Gender equity and childrens' comics




One quaint afternoon, as I was spending time with my 6-year old sibling reading mindless pop comics, I was thrown into an existential dread by a barrage of her seemingly simple questions - “Why is it always the prince who fights the baddies? Why couldn’t one of Rapunzel’s friends help her escape, why was it the prince? Why did she never fight back her evil mother? Why did Snow White need the prince’s kiss? Cinderella was happy by herself, why must the prince look for her in the entire kingdom to marry her? What would she need him for?” Really, what ever stopped these princesses from kicking butts and raging wars? Why is some ‘prince’ always the hero? Why are these princesses always frail and helpless?


From the Cat in the Hat to the Very Hungry Caterpillar, Babar to Peter Rabbit, childrens’ books are dominated by male characters. The message conveyed through representation of men and women in childrens’ books contribute to what it means to be a boy or a girl and what roles are specifically played by each gender. Looking at almost 6,000 childrens’ books published between 1900 and 2000, a study at the Florida State University found that males are protagonists in 57% of children's books published each year, with just 31% having female protagonists. The lopsided numbers of males in central characters may dangerously encourage children to accept the invisibility of women and to believe they are less important than men. But guess what could be worse than the absence of female protagonists? Their pathetic portrayal!


I was once surfing through a childrens’ book about space exploration. The writing next to pictures of astronauts in their white padded spacesuits read: “Without a spacesuit an astronaut’s blood would boil and his body would blow apart.” Using ‘he’ indicates that the person inside the space suit is a man and let me tell you - for every picture, the only pronoun used is ‘he’. There is absolutely no mention of the women who were a part of the spacewalks, including astronaut Sunita Williams whose image is used in the montage. This makes it easy for children to think that women don’t do spacewalks.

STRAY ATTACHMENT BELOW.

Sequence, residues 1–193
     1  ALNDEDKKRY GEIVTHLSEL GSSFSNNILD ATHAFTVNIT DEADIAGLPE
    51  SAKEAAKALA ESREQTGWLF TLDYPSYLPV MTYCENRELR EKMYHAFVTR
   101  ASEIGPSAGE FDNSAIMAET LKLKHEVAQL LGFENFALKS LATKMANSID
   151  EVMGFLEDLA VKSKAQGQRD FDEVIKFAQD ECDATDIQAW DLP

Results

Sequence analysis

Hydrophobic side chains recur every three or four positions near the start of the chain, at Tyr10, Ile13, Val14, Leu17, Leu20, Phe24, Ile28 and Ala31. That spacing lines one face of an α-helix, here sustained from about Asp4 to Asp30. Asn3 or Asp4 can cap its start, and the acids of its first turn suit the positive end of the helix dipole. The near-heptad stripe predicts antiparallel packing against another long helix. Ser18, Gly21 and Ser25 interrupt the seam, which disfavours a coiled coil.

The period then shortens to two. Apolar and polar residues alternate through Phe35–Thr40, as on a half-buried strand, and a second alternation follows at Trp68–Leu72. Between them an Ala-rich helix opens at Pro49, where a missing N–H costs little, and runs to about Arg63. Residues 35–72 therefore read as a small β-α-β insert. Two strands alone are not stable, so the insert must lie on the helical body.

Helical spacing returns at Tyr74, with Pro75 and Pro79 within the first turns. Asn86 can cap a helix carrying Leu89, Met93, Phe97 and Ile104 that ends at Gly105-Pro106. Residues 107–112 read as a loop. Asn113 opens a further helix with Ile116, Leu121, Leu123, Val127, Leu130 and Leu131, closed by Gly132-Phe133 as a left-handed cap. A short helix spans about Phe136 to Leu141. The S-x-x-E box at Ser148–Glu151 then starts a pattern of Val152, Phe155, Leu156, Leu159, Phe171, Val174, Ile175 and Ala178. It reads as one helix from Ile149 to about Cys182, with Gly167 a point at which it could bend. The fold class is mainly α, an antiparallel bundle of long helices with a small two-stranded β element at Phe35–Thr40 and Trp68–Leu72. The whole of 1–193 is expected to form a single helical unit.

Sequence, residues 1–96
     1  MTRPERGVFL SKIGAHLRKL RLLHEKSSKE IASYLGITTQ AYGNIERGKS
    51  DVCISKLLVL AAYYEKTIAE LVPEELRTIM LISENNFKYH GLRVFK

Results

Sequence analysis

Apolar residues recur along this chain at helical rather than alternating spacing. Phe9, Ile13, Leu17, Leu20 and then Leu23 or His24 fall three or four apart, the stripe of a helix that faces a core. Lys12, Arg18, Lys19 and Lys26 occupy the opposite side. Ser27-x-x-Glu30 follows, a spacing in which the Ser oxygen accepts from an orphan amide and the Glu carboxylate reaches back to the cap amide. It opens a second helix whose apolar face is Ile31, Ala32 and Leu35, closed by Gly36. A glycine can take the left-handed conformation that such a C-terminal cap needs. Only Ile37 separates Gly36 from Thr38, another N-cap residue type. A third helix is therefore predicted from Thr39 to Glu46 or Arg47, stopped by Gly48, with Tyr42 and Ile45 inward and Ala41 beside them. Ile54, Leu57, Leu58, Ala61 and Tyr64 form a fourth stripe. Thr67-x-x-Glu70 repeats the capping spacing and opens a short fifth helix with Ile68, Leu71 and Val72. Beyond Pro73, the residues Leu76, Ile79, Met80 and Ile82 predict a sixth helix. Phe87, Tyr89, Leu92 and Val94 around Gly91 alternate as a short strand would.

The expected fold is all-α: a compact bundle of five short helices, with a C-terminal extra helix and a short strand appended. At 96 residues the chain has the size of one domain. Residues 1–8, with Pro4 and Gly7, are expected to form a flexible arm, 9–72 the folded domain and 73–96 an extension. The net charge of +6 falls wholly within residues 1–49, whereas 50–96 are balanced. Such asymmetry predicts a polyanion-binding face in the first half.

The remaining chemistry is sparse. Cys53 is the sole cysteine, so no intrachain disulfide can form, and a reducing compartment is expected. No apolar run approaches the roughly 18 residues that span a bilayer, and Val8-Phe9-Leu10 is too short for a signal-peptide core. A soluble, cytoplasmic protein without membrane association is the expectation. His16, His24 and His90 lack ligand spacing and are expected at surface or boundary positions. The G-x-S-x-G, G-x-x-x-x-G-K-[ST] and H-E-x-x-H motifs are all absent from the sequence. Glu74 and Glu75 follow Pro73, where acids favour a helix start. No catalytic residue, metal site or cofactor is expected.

On the pages of another book, I saw a female astronaut floating inside a space station and smiling at the camera. The caption read : “In zero G, every day is a bad hair day.” Now let’s be clear here. The qualifications and experience required to get astronauts to this point are extensive. Places on NASA’s Astronaut training programmes are highly competitive with thousands of applications each year. But in the book, it’s made to look like a playdate for the woman. Such cringeworthy representation of women leaves little girls with no ideals to look up to.


Gender is perhaps the most basic perspective through which children see and experience the world and their places in it. These stereotypes hold the power to influence a child’s identity by making inferences about gender. Media that conveys gender bias, gender roles or sexism have damaging effects on a child’s psyche. It lays the foundation for their lifelong values and beliefs. For example, stereotypical representations of occupations along gender lines may encourage girls towards more traditional areas of employment, ultimately leading them to not take up leadership or STEM roles. We most definitely don’t want to raise sons who feel women are inferior or daughters who think they are meant to serve.


Childrens’ brains are sponges, parents. They absorb every bit of information, media, content available to them and actively make sense out of it.

These children are agents of change. A large part of the responsibility rests on parents’ shoulders to gender sensitize children at a young age. Explain to them the concept of gender equity and equality. Let their innocent, impressionable minds not be tarred by the gender bias that has plagued us from the beginning of time. This can finally come to an end with a new generation of children taking over the 21st century!


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